You've got some great advice here! I also wanted to let you know how much your post reminded me of Dawn, who was on the front cover of our latest issue of Caring magazine: http://www.joomag.com/magazine/caring-m ... 1443796120

Dawn's twins were born at 26 weeks, thrusting her prematurely into the role as mother and, ultimately, carer. We interviewed her for the magazine, and also included a letter she wrote to herself five years, which we found on her blog. You can read that here: http://compassionatecarer.blogspot.co.u ... chive.html

Dawn shares some really honest and raw reflections on what the first five years were like - the struggles and the joy her children have brought her. Well worth a read!

All the best,
Kate
My advice to you would be ..... You know your child better than anybody else! Don't let the professionals fob you off. Don't sit back and wait for things to happen. If somebody says they'll get back to you and they don't then get on to them again.

I know Scally means well and he is entitled to his opinion and is very, very well informed on caring issues. However, I know several people who have kids and young adults with Down's syndrome and they are all very easy to get along with. My closest friend has a daughter in her 20s with DS and she plans all her week for her and the daughter is happy to do whatever Mum thinks. They never have a cross word and it's very easy for her to enjoy life with her daughter because she is easygoing and biddable.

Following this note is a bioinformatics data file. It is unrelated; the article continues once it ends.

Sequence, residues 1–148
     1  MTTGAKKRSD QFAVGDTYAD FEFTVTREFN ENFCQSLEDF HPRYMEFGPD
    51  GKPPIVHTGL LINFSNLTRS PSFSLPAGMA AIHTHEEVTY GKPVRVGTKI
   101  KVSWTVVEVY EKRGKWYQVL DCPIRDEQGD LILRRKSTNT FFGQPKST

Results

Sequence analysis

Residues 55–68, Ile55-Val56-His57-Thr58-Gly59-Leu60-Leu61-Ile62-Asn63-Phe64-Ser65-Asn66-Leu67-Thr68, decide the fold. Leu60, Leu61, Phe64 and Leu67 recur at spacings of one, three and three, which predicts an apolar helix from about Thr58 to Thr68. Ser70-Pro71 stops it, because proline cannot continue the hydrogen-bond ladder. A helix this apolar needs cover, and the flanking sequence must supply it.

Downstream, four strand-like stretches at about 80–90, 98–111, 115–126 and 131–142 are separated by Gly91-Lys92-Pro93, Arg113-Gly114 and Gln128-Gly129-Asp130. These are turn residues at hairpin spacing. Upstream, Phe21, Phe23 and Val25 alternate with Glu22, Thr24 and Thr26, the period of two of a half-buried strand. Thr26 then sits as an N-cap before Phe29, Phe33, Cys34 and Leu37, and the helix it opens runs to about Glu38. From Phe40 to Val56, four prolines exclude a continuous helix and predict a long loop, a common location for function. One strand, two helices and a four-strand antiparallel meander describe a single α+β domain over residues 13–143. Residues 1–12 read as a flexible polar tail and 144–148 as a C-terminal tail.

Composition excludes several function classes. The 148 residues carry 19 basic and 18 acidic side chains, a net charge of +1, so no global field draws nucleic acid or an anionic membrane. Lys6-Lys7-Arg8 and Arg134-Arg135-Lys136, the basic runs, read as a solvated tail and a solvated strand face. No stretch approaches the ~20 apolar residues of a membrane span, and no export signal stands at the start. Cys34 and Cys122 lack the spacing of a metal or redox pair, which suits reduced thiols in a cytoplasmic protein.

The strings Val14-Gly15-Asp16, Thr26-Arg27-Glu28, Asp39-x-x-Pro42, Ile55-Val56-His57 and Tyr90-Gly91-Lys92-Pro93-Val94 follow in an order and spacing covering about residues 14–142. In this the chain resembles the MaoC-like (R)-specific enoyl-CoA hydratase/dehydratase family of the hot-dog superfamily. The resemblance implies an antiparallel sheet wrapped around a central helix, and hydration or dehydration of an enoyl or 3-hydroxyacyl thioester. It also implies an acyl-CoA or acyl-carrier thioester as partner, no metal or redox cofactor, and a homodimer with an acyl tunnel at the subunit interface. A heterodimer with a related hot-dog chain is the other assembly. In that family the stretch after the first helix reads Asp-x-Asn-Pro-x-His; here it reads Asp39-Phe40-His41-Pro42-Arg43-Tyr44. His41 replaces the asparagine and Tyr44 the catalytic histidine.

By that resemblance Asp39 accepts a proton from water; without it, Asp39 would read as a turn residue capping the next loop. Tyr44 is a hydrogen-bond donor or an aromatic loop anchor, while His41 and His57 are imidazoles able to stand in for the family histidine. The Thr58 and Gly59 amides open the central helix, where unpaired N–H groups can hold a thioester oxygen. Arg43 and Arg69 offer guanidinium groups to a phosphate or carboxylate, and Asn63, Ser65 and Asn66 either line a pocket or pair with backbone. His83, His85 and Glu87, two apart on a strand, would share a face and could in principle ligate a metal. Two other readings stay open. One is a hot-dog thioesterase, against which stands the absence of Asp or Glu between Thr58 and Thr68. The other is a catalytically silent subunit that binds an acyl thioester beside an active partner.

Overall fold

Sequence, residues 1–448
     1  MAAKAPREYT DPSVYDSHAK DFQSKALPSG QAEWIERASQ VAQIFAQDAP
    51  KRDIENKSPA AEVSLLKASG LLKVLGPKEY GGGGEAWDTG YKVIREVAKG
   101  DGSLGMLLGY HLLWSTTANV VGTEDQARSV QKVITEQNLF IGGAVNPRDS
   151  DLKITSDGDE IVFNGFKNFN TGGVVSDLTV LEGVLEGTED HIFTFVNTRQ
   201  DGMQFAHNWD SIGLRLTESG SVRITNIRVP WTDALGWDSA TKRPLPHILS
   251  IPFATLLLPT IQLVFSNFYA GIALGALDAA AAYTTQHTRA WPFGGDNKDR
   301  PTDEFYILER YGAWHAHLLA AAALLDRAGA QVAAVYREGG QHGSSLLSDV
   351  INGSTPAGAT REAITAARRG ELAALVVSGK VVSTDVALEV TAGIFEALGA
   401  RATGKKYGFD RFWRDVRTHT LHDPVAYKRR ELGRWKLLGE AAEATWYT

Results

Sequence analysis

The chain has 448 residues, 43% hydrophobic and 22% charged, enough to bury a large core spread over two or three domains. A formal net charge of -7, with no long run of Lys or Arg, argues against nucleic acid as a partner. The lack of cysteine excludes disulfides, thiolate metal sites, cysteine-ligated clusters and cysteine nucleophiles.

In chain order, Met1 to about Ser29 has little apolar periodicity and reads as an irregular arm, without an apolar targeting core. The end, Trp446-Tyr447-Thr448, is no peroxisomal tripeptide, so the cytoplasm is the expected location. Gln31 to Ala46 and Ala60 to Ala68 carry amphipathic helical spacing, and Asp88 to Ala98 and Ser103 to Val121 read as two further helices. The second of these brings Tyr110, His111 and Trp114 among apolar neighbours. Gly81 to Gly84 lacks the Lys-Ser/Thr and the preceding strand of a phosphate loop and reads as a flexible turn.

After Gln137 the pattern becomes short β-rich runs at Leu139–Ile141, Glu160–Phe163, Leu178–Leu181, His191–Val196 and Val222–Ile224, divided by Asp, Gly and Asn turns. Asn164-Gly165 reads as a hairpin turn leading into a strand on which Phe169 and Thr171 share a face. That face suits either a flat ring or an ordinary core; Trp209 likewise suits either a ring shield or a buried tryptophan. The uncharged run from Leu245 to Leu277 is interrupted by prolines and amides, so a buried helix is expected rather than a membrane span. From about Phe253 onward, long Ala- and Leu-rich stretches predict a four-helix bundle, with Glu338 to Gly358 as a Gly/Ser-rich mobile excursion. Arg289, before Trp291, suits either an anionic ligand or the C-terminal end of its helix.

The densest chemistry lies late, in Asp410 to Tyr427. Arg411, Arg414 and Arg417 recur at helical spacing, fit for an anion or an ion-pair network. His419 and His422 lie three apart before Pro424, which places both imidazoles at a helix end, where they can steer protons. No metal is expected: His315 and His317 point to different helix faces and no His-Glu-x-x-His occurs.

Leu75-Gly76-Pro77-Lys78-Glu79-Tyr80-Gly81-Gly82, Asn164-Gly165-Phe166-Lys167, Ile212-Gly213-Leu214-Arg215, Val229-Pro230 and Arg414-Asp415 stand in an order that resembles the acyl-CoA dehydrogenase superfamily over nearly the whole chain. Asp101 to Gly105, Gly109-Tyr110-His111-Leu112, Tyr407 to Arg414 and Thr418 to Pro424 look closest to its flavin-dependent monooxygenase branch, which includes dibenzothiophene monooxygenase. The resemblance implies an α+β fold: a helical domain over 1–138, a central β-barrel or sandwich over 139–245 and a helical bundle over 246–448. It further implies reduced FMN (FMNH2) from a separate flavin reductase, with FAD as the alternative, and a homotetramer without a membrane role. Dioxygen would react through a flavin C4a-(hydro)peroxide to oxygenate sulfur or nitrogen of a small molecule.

If you have a child who, due to learning disabilities or ASD, is rude and hurtful to you pretty much of the time then it's not so easy to just go with the flow and accept that this is your lot in life.

Anyway, back to you ..... If you have other family members who can help out, let them because you do need some "me time." Let us know how you go on. X
there is a lot of help out there bUT finding our about how and where to get this help is the problem. So get hold of as much info as you can from the various Agencies and thru pamphlets. Join Carers groups as then you can be made aware of just what is ` out there.`
Dear Angela

Thank you for your PM. I have tried twice to send you a reply (the same one), but both copies are sitting in my outbox, and I'm not sure how to get them to send properly. I didn't want you to think I've been ignoring you.

Emma
Emma_1507123 wrote:Dear Angela

Thank you for your PM. I have tried twice to send you a reply (the same one), but both copies are sitting in my outbox, and I'm not sure how to get them to send properly. I didn't want you to think I've been ignoring you.

Emma
Hi Emma,

In the forum, private messages sit in the outbox until the person you have sent it to has read it. So the message will have gone through, and once Angela logs in she'll be able to read it and it will move to your sent messages folder.

Hope that helps!

Kate
Many thanks for clarifying that for me, Kate. Wouldn't it make more sense then to label the 'sent' folder as 'read' or 'received'?
Emma_1507123 wrote:Many thanks for clarifying that for me, Kate. Wouldn't it make more sense then to label the 'sent' folder as 'read' or 'received'?
I agree with you! Although I'm not sure we can change it - we use off-the-shelf forum software and a lot of this stuff is pre-set. I will make a note of this though and see if we can make it clearer in the future.